While serving an LDS Church mission in Australia, Dr. Steven Wallentine found he enjoyed the give-and-take that comes from communication. He also liked serving others.
“It was there that I knew I wanted to make service my life and that I wanted to use my skills of listening and talking,” he says. “I knew I wanted to be in a people-oriented job.”
His role as a medical oncologist allows him to serve those in real need and to create bonds that come from going through challenging experiences together.
Doctor dreams “I have alopecia, so I saw doctors all the time growing up. I chose to go into the field partly because there would be some security, but I also appreciated the chance to help others in a meaningful way.”
Clinically focused “I chose medical oncology because of the patients. Their circumstances have given them a different perspective than others — usually better. Cancer causes a lot of emotions and feelings. It also brings a lot of change. When I was doing rotations in medical school, I was drawn to those patients. Sharing that journey with them is pretty rewarding. Plus, it is always fun to see someone cured of the big, bad cancer.”
Crucial communication “From Day One, I communicate with my patients about what we know and expect. It’s important to set realistic expectations. Being transparent and upfront helps. With cancer, you may have lots of victories in the battles, but the war keeps going on. It’s frustrating to tell someone that their cancer is back. But again, you take it head on and keep communication open.”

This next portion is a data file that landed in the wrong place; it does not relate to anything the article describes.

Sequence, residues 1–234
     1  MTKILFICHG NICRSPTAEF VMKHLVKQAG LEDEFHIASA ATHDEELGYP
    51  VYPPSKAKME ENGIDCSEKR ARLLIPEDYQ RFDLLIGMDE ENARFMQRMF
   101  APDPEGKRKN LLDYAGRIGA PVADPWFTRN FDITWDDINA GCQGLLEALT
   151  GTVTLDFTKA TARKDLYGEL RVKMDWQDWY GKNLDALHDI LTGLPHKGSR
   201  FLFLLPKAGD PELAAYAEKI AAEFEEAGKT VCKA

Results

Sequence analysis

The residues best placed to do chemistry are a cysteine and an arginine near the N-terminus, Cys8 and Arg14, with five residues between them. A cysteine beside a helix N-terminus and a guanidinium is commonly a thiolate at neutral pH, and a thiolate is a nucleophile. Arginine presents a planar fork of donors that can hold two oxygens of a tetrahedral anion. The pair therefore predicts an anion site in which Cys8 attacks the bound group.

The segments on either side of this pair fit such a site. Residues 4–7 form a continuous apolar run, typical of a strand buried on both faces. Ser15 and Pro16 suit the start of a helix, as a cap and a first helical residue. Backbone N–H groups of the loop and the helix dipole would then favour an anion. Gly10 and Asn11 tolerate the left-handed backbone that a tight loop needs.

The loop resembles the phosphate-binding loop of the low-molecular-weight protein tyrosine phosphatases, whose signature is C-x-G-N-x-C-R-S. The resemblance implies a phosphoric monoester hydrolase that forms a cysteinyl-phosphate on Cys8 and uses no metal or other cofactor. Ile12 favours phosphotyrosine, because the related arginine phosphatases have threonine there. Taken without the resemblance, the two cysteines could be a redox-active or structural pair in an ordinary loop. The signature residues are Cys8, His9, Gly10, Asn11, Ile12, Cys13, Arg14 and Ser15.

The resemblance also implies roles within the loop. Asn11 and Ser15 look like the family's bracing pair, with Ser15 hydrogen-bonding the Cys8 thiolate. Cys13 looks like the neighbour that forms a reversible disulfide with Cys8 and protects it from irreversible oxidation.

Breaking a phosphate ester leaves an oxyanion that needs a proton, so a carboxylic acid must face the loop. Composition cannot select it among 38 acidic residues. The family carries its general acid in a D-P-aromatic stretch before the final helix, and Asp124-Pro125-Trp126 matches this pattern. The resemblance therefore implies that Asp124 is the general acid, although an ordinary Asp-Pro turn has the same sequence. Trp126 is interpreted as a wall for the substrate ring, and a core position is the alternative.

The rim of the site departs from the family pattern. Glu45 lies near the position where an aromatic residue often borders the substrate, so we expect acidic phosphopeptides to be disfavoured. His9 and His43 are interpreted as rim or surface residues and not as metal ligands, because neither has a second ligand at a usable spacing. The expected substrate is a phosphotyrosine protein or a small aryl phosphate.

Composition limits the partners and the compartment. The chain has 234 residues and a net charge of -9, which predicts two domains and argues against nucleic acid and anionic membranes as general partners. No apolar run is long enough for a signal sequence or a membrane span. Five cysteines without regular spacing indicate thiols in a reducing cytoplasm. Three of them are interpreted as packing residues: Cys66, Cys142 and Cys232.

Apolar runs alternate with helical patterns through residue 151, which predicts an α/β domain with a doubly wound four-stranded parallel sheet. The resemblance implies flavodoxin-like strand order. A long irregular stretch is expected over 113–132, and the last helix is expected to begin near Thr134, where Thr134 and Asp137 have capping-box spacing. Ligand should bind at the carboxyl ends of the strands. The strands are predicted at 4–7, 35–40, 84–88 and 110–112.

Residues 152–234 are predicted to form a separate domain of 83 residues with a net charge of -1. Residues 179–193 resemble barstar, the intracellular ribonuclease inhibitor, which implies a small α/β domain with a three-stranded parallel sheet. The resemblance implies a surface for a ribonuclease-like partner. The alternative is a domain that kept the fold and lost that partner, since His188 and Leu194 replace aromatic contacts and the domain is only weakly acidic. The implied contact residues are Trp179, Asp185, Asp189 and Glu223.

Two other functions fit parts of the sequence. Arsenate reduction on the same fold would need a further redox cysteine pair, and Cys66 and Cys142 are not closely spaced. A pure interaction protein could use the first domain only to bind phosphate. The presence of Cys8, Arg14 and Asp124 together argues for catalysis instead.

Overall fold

Physical future “I’m excited about research being done that is helping us understand what’s driving a cell’s abnormality. As we learn about the cells and how they proliferate, we’ve opened a lot of targets for treatment. Plus, immunotherapy advances are exciting. With that, we’re basically removing the obstacles to our own immune system. We have checks and balances in our immune system, which is good. But, if we can decrease that, we can see success in targeted therapy.”
Take care “Obesity will increase the risk of colon cancer and breast cancer. Lifestyle modification — improving diet and exercise — will go a long way in maximizing health. Plus, we live in a day and age where we can catch cancer early through screenings. Get pap smears, colonoscopies and mammograms. Get your dermatological screenings.”